Playing My Part

Playing My Part

You use your words as weapons,
Cut me deeper than a knife.
Though my blood remains unspilt
Still I feel the cuts as life
Spills out from my veins. I built
Such castles of hope this time,
But I built them on the sand.
Your attack will undermine
Them. No hope that they can stand
Against onslaught of that kind.
I will nurse my bleeding heart,
Lick my wounds and try to find
The resolve to play my part
On the stage within your mind.

Earth’s Child

Earth’s Child

One of my favourite memories is of a stone wall. Not just any stone wall but the one at the front of my neighbours’ cottages where I grew up. In fact stone fence might be a more accurate description: it was a row of upright stone slabs, made of locally-quarried sandstone as were the cottages themselves.

I remember the slabs well – not finely finished like tombstones but left a little rough and then weathered and rounded by the passage of about two hundred years. The raw sandy yellow of the freshly cut stone had long faded to a dull grey-brown supplemented by the green of moss and grey of lichen – it always felt as if the stone, once hewn from the parent rock, had been reclaimed and was once again a living part of the earth. They always had a softness to the touch – a complete contrast to the harsh, discordant roughness of brick and concrete. They truly felt organic, as if they had sprouted from the ground in that place. Being of natural material and standing in that place for so long they always felt to me as natural as the hills and woods.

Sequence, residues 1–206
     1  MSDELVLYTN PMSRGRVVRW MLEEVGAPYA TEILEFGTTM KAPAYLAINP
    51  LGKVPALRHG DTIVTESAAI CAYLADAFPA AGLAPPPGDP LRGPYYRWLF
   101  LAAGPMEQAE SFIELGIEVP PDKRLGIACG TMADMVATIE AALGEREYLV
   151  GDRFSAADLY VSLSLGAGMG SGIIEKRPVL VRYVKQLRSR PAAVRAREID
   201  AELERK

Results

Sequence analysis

As something is left to age in a place it acquires the character of its surroundings – hence the deliberate ageing of whisky. Eventually it becomes a part of its surroundings. I believe this used to be the case for people too, when they generally used to live out their lives within the community of their birth. There was a distinct local character (and often dialect) to each settlement and a sense of identity, of belonging. People within the area could tell in which village somebody had been born by their mannerisms and the way they spoke. But that was before industrialisation, before the growth of towns and mass migration, before the disruption and eventual destruction of those long-established communities, before everywhere became tainted by the homogenisation of modernity. Before we exchanged lives of hard toil driven by the natural rhythm of the seasons for lives of comparative ease driven by the clock on the wall.

We have lost our roots. We have severed the umbilicus that joined us to our mother. So many of us now think of ourselves as apart from the rest of nature. We think nothing of dividing the day into twenty-four hours and paying more heed to those numbers than to the rising and setting of the sun. Rain and snow are a nuisance. Insects are just pests. We expect the natural world to be as organised and sanitised as our constructed urban environments. We think of our lives as normal!